A 2019 study of antiviral medications in the Democratic Republic of Congo, funded by the National Institute of Allergy and Infectious Diseases (NIAID), showed Gilead Sciences’ antiviral medication Remdesivir to have a 53% mortality rate. The study recommended against any further use of Remdesivir in any patients. Barely a year later, in April 2020, NIAID Director Anthony S. Fauci, MD declared Remdesivir “has a clear-cut significant positive effect in diminishing time to recovery” for patients with COVID-19 and that it would be “the standard of care,” in the United States as that it was 100% safe and effective. From then on, patients in the US would be fast-tracked towards this treatment exclusively, despite proven alternative treatments being available.
Remdesivir decreases a patient’s survival rate exponentially. The protocol is deadly, as it’s side effects lead to organ failure and death within weeks. Hospitals need sedate patients while withholding food and nutrition to keep patients from resisting treatment. Even the World Health Organization, since November 2020, has recommended against the use of Remdesivir in hospitalized patients because it found no evidence that Remdesivir improved survival and other outcomes, although it has revised its recommendation to limited used since April this year.
Why would a medication with a 53% mortality rate used on a disease with a 98% survival rate? Because in the United States, these treatments come with high monetary incentives. Hospital invoices for outpatient COVID-19 care average $3,200. Inpatient care drive invoices to an average of $111,000. If a hospital can intubate, sedate, and I.V. drip a patient the cost will explode to an average of $450,000. But the ultimate incentive comes from the Federal government: Medicare will give an additional 20% bonus on top of the whole hospital bill if Remdesivir is used, regardless of outcome, so a “keep & kill” protocol results in an additional $90,000 and a total of $540,000 per patient per hospital.
The US Food and Drug Administration (FDA) gave Remdesivir an Emergency Use Authorization (EUA) based on the premise that there was no other adequate treatment for COVID-19. Under an EUA, the FDA may allow the use of unapproved medical products in an emergency to treat or prevent serious or life-threatening diseases when there are no adequate alternatives. In fact, there was an alternative: of all the harmful misinformation spread over the past couple of years, one of the most disturbing false narratives was targeted at the Nobel Prize winning human medicine, Ivermectin. This inexpensive, off-license, extremely safe medication was proven effective at stopping the pandemic completely in other countries including Peru, India, Argentina, and Japan. But the FDA, the political left, and the media declared a war on this drug which has been safely used since 1987.
So, in the United States the Ivermectin treatment is unmentionable and doctor patient consultations have been cancelled. For this first time in US medical history, a patient is not given a choice of how they will be treated. There is no discussion of options. For COVID-19, only one prescribed protocol exists regardless of the patient or doctor experience, and this protocol comes with considerable financial incentive to ensure hospital compliance.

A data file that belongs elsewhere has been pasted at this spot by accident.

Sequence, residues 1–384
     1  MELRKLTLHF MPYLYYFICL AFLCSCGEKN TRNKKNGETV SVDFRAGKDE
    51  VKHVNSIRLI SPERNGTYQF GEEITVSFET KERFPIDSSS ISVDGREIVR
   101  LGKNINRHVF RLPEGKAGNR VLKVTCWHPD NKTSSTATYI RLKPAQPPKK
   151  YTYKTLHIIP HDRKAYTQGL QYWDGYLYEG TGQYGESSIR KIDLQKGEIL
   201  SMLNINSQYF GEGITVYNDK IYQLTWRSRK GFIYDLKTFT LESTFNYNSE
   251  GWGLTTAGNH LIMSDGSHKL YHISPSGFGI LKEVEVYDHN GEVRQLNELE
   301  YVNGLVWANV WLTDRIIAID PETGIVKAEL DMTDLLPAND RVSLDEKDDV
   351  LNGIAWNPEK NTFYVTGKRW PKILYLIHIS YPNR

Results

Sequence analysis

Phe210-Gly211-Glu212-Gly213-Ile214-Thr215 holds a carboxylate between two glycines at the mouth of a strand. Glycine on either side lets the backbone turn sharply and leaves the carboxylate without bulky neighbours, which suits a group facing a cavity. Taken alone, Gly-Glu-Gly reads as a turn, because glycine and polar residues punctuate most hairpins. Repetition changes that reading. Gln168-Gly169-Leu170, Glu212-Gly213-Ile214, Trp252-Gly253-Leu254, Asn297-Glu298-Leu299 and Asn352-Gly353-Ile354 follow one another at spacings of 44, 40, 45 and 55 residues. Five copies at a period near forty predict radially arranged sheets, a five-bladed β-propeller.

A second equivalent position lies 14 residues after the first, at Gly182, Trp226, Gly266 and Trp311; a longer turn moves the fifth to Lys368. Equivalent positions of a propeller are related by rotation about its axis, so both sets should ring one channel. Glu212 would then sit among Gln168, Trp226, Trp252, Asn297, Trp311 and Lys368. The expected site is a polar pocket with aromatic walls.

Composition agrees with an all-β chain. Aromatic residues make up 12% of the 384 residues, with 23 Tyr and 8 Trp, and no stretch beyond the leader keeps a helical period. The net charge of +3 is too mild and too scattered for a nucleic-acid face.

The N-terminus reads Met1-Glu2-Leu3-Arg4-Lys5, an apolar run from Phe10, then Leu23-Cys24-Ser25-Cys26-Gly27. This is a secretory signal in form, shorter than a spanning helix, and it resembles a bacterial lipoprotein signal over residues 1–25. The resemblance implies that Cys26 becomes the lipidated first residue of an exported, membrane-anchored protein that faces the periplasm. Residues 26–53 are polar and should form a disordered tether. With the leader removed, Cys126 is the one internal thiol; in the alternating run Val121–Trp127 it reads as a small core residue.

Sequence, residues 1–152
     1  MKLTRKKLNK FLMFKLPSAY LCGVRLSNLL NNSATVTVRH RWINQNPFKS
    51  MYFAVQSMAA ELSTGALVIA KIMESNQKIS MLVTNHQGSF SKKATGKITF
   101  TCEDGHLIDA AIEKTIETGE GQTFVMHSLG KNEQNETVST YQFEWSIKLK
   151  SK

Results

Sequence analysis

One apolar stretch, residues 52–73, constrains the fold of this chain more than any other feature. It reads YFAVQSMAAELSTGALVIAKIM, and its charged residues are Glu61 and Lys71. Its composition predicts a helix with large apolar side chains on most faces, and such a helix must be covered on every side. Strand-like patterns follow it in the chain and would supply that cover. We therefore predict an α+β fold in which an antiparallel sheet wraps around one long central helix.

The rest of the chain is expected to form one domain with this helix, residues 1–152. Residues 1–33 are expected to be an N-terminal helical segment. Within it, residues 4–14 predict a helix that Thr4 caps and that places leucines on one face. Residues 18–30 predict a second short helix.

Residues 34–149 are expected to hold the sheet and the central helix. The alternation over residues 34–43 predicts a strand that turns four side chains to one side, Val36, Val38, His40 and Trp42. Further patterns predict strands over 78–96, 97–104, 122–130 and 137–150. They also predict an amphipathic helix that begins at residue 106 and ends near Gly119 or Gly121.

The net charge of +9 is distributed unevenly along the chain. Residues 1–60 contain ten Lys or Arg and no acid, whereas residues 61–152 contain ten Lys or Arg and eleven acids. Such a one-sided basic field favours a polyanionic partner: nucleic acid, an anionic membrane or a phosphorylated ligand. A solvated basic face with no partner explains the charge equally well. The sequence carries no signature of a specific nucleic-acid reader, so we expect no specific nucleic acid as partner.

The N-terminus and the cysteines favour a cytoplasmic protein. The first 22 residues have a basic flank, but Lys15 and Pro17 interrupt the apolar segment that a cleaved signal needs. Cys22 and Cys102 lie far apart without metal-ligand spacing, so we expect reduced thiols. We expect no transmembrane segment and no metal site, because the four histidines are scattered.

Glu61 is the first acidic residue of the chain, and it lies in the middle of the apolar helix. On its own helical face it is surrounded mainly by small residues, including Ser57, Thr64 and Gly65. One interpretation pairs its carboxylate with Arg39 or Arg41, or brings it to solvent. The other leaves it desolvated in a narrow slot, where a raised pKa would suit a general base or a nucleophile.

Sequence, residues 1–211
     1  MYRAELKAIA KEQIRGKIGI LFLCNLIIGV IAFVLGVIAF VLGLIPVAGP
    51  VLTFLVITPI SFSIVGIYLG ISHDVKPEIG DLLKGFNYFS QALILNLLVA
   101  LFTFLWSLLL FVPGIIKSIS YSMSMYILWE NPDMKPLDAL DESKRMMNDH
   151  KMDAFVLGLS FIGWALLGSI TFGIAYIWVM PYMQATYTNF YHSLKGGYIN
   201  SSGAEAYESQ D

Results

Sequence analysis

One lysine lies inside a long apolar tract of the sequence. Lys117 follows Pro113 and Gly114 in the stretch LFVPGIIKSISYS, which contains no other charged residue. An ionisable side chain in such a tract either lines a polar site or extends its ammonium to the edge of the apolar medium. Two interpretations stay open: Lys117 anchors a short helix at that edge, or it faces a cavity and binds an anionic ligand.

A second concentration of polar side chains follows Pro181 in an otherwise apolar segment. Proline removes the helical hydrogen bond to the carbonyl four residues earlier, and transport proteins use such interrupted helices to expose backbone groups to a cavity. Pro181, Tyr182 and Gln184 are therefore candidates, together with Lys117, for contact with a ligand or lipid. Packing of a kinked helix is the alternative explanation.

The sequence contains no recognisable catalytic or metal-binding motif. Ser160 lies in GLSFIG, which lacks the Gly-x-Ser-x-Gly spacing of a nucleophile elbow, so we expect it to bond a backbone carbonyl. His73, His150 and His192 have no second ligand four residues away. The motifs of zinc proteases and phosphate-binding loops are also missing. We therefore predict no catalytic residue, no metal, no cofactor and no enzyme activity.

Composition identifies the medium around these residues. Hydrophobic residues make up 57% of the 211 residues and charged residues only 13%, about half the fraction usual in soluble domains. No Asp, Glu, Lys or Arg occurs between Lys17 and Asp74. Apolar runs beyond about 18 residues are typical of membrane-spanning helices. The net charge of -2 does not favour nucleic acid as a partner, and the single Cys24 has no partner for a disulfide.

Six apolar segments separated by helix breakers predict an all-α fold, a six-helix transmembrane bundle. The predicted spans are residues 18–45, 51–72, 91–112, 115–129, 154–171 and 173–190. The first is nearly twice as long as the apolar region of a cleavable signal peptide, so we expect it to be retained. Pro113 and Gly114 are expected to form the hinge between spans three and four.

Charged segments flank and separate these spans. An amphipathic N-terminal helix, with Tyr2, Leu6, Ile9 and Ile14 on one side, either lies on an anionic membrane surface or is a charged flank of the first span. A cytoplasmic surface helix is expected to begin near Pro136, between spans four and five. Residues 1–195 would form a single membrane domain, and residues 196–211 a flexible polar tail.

Regardless of the treatment that would be best for a patient, there should be informed consent. In the medical profession, that means a process that occurs with communication between a patient and physician which results in the patient’s authorization or agreement to undergo a specific medical intervention. This involves 4 components which are missing when the government mandates one solution for everyone: decision capacity, documentation of consent, disclosure, and competency. Informed consent to medical treatment is fundamental in both ethics and law. Patients have the right to receive information and ask questions about recommended treatments so that they can make well-considered decisions about care. Today, doctors are simply not having this conversation with patients.
That’s why two attorneys from separate law firms out of California are filing lawsuits against Clovis Community Medical Center, Saint Agnes Medical Center, and several doctors over the administering of what they referred to as the “Remdesivir Murder”, which is bringing fatal outcomes for patients. A patient’s legal right to informed consent is the only way to stop this protocol. The FDA and the drug companies have built an effective wall to protect themselves from any challenge. The media blocks sources of alternative information. But the legal right to a documented informed consent conversation between the doctor and the patient and the patient’s decision in the medical record cannot be denied. We can only hope that Michael Hamilton and Dan Watkins will prevail. The legal avenue may be the only way to stop the cabal of drug industry, federal government, and medical profession from forcing the worse possible outcome on its patients.